One of the questions that I get asked all the time from other family offices is, “Where are the opportunities in real estate?” The answer to that in many ways is subjective, as there are different types of properties, and there may be a preference that one family is more comfortable with than another.
Let’s take multifamily for example. Multifamily is overwhelmingly the property type of choice when it comes to the kind of real estate investments that family offices tend to invest in. The problem is that if any family office is currently being pitched an opportunity to invest in a Class A multifamily deal, they should run the other way, in my opinion — at least for the time being. There is an excessive amount of Class A multifamily apartments on the market in many locations across the United States, and I trust we are going to be seeing a downturn in the next nine to 12 months, which should last six to nine months before things start to move up again. This downturn combined with the rising cost of construction will make value-add and ground-up construction deals hard to pencil and weigh on the returns for the foreseeable future, not only from the costs being out of wack but also because the vacancy levels will be higher than anticipated as the excess inventory burns off.
The point is that although your family office may have an affinity for a particular property type, it doesn’t necessarily mean that it is the best place to invest at the current time. Property types do run in cycles and the areas that I see as current opportunities are industrial, hotels and, believe it or not, retail. Yes, retail: The small strip malls will not be affected by the “Amazon effect.” After all, can you get a haircut online or buy a cup of coffee or get your nails done? Perhaps in the long-distance future, but not in my lifetime at least.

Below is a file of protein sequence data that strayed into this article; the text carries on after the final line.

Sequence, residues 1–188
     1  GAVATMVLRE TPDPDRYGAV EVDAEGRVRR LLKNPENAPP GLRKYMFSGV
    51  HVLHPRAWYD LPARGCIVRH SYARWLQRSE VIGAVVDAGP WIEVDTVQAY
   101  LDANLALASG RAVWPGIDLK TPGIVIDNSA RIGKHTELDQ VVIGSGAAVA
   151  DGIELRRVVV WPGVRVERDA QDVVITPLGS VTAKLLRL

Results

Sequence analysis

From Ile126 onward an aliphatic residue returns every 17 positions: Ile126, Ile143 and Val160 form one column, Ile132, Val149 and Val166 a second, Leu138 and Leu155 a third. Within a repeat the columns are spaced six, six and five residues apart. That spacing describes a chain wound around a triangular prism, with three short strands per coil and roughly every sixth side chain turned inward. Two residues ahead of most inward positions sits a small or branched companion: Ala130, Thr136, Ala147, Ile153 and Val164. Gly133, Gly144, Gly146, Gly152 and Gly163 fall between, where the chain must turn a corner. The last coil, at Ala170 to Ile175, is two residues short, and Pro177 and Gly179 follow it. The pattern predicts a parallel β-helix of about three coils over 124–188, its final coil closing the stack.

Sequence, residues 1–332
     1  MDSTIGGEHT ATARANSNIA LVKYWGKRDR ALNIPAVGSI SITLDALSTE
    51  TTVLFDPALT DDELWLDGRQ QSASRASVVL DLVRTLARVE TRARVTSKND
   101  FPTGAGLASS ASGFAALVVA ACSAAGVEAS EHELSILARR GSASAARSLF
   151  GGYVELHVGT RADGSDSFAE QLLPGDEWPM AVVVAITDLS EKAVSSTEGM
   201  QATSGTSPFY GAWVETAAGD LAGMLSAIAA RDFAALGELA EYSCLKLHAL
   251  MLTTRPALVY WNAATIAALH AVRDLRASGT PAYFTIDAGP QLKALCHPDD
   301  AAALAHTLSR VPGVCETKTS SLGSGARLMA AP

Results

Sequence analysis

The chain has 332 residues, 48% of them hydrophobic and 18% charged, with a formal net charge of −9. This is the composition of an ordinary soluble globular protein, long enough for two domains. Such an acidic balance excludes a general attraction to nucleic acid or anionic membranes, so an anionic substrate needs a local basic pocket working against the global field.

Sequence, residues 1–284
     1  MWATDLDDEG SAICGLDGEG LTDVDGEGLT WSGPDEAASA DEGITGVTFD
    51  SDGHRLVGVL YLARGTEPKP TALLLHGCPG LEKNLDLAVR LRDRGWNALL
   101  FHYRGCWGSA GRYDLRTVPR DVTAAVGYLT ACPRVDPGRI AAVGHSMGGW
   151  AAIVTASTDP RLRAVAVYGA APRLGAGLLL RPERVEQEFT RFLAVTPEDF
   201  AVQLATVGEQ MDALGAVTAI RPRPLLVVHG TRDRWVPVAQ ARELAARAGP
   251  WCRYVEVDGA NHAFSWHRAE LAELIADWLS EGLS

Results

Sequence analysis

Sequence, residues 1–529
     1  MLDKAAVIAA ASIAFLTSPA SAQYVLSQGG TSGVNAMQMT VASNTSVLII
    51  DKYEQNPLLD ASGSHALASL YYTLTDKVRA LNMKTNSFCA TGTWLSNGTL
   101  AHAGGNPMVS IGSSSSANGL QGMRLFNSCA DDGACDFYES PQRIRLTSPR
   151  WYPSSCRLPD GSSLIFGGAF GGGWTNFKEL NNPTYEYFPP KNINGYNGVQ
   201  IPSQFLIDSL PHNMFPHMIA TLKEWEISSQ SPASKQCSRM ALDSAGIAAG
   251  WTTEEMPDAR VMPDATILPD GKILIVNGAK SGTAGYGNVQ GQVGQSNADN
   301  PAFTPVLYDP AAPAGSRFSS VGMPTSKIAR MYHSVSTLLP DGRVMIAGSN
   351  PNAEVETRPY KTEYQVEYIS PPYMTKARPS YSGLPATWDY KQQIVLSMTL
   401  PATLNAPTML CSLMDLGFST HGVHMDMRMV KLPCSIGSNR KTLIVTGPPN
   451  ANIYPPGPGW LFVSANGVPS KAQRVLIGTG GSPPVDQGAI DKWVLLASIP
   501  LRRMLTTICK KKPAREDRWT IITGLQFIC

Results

The other way family offices can be strategic about real estate investment is to look at what markets the opportunities are moving to. I love Seattle and consider it home, but today’s new investor has missed that boat. And although I suspect there is a good 10-year run left in Denver, what about the future cities like Boise, Idaho; Nashville, Tennessee; and Charlotte, North Carolina? Now, to invest in these locations, family offices will need to work with a local operator, but that all comes back to the importance of screening and working with a great sponsor or operator, as that is the person who is going to be executing the transaction. Once again, the first hurdle you have to get past is the sponsor; after that, the deal is secondary.
Family office capital is patient capital, and that needs to be taken advantage of — especially when it comes to real estate. Unlike institutional investors, families can wait things out and don’t have to put money out in a hurry. And above all, family offices that did not create their wealth in real estate must understand what I learned 16 years ago: If you think you found the perfect real estate investment and you don’t win the bid or are unable to acquire the property you were going after, you will find another one just as good, if not better, tomorrow.